More than 4,000 Ramstein service and family members were rocked by the band Daughtry, comedian Gabriel “Fluffy” Iglesias and the Band of the U.S. Air Force Reserve during the Operation Seasons Greetings ― Tour for the Troops 2011 concert Dec. 10 on Ramstein. The concert, held at Hangar 1, rounded out their 13-day, six-country tour across Southwest Asia and Europe.
Daughtry completed the high-intensity concert with popular songs like “It’s Not Over” and “Feels Like Tonight;” he even made made a surprise encore to perform Billy Idol’s “Rebel Yell.” “Tonight stood out for me, the crowd was phenomenal — huge … they were loud and participated the whole show,” said Chris Daughtry. “[Ramstein] made us feel very welcome; we feel very fortunate to be able to bring a little bit of home to them and take their minds off of what they do on a daily basis and try to entertain them a little bit.” Starting off the three-hour performance was the Band of the U.S. Air Force Reserve, who pumped up the crowd with their rendition of classic rock song “Don’t Stop Believing” by Journey and pop icon Pink’s most recent single, “Raise Your Glass.”
“It’s an absolute pleasure and honor to give the Airmen here a taste of home,” said Senior Master Sgt. Mark Burditt, Band of the U.S. Air Force Reserve acting band manager. “After 30 hours of continuous rehearsal and months or preparation, it’s nice to see the smile on everyone’s faces; it’s gives us a sense of a job well done.”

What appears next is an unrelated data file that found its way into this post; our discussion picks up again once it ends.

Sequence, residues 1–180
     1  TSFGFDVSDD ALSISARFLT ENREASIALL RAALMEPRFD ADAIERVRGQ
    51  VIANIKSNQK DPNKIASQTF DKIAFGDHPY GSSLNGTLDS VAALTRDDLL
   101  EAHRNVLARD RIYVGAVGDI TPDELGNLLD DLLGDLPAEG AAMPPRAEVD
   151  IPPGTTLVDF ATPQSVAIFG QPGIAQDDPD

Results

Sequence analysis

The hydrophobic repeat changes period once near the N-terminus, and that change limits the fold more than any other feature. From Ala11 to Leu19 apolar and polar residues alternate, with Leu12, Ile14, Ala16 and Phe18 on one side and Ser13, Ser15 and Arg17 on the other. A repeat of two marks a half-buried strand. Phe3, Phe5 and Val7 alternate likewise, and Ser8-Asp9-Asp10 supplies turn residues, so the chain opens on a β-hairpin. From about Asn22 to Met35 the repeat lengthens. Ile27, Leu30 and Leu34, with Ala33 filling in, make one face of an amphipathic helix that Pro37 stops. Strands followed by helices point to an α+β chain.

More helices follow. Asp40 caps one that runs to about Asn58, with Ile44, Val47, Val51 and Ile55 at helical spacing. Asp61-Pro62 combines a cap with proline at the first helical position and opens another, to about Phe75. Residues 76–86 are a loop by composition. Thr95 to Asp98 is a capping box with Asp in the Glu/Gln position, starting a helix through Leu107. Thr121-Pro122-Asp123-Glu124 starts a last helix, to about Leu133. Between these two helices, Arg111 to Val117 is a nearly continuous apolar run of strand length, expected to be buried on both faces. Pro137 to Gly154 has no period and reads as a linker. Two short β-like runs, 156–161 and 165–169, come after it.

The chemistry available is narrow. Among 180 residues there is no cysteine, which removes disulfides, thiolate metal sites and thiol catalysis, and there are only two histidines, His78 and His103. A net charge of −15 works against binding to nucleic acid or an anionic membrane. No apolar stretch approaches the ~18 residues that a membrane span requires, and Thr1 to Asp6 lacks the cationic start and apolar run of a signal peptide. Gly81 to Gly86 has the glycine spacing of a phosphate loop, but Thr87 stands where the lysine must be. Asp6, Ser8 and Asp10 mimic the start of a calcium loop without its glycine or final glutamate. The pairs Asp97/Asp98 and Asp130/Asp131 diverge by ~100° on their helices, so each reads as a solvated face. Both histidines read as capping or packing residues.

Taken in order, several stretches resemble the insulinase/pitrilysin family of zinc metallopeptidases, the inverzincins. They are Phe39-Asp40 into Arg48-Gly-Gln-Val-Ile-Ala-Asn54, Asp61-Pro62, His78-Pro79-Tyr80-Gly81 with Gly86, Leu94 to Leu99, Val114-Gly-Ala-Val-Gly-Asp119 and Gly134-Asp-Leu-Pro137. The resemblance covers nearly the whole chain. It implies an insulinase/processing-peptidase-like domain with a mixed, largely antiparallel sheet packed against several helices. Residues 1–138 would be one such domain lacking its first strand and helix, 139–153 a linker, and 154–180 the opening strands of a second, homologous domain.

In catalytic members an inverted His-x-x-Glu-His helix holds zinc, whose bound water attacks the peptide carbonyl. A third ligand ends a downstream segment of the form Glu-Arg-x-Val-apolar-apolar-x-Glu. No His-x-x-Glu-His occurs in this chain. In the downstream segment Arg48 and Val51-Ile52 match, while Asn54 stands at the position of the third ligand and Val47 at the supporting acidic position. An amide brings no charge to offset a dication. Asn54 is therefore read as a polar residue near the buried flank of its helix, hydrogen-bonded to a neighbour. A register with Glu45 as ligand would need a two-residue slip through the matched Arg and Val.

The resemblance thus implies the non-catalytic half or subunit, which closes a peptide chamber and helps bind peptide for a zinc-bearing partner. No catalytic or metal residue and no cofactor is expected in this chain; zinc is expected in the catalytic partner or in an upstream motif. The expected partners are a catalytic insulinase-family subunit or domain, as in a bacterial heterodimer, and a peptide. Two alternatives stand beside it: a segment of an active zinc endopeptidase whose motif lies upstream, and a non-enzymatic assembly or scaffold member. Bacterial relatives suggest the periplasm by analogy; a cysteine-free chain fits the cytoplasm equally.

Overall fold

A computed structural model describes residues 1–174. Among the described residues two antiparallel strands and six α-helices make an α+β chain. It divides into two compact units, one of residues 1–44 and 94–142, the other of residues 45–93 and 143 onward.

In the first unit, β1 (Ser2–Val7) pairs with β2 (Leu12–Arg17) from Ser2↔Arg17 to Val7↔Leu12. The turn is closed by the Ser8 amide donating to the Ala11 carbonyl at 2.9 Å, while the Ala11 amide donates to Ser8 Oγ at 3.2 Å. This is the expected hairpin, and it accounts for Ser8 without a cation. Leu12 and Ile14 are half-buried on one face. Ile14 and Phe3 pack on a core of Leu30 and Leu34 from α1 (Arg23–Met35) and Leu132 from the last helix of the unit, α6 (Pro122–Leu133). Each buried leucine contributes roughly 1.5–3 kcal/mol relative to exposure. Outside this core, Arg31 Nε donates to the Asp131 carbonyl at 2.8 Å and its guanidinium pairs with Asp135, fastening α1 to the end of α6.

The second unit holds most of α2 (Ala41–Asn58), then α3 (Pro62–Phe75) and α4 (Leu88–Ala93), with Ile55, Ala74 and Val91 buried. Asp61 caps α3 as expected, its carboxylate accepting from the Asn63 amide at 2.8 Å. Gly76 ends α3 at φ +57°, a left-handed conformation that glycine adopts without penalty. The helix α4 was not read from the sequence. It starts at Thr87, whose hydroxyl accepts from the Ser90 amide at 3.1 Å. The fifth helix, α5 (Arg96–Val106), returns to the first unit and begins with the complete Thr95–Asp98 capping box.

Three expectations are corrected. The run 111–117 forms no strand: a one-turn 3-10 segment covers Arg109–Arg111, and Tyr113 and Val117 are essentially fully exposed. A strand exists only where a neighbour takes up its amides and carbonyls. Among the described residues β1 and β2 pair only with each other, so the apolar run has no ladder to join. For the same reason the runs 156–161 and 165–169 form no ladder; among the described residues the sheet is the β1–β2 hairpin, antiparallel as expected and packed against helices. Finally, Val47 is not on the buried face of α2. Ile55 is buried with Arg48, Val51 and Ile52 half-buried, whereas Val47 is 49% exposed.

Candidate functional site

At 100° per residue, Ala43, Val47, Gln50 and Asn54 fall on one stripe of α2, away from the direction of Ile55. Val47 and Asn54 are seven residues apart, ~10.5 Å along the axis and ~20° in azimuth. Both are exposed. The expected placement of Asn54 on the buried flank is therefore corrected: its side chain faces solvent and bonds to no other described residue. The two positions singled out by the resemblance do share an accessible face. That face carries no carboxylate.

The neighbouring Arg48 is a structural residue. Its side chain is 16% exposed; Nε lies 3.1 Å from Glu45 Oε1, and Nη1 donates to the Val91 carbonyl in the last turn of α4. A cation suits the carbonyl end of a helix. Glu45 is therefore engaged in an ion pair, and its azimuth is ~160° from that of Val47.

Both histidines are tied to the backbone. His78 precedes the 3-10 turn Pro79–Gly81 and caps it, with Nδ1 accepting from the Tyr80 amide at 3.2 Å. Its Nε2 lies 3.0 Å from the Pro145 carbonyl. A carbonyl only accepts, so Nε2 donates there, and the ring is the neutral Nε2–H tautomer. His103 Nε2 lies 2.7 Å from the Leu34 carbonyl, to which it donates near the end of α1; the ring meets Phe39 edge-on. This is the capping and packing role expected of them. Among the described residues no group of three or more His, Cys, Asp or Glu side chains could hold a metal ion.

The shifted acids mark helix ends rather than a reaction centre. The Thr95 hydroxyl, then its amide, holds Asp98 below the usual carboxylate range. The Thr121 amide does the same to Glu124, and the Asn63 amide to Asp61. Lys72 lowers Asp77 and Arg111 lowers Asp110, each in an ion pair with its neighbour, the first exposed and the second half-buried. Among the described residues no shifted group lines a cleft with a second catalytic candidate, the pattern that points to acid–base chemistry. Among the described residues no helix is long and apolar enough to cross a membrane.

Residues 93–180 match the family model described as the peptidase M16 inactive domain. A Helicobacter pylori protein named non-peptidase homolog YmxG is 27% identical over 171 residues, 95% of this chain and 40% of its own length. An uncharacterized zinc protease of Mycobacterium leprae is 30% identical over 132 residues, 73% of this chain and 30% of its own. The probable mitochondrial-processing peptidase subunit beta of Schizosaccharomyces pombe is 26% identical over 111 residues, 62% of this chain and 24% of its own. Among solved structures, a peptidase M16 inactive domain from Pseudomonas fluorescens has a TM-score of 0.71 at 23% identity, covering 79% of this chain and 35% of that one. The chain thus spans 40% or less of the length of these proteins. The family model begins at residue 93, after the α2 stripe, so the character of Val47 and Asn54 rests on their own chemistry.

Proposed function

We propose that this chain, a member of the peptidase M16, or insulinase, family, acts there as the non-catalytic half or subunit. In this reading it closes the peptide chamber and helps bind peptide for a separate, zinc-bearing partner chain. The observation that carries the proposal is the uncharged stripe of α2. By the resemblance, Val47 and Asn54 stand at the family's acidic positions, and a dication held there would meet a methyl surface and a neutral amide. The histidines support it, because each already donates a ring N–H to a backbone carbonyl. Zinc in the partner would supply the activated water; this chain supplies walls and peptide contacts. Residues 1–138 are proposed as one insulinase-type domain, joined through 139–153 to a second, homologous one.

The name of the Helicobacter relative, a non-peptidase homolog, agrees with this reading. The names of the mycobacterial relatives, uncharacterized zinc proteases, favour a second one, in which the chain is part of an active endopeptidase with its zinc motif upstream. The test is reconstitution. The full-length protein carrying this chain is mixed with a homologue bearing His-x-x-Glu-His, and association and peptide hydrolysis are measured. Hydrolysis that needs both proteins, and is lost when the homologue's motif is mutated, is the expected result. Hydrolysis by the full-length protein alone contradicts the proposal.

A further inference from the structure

“These entertainers are just as appreciative of the military as we are of them for coming out,” said Chief Master Sgt. Glen Barnes, chief of advertising for Air Force Reserve Command. “They are truly proud to be here.” Previous to Ramstein, the group made stops in Rota, Spain; Incirlik Air Base, Turkey; Manas AB, Kyrgyzstan and two other areas in Southwest Asia.
Next on stage was Iglesias, who was prepped and ready to go tickle the funny bones of all the Kaiserslautern Military Community’s members.
“We’re pumped up about this show, it’s the last show of many and we’re excited,” said Iglesias. “It’s been a lot of fun, the people have been amazing — they have made it so that we want to come back.
Before the lights came on and crowds began to roar, the 63 Airmen, techies, roadies and performers had to set up the stage from the ground up.
“We need at least six hours to completely set up all 15 pallets of gear and be ready,” said Burditt. We wouldn’t be able to keep up the intense burst through [Southwest Asia] without the help of the volunteers at each base; this trip was really a team effort.”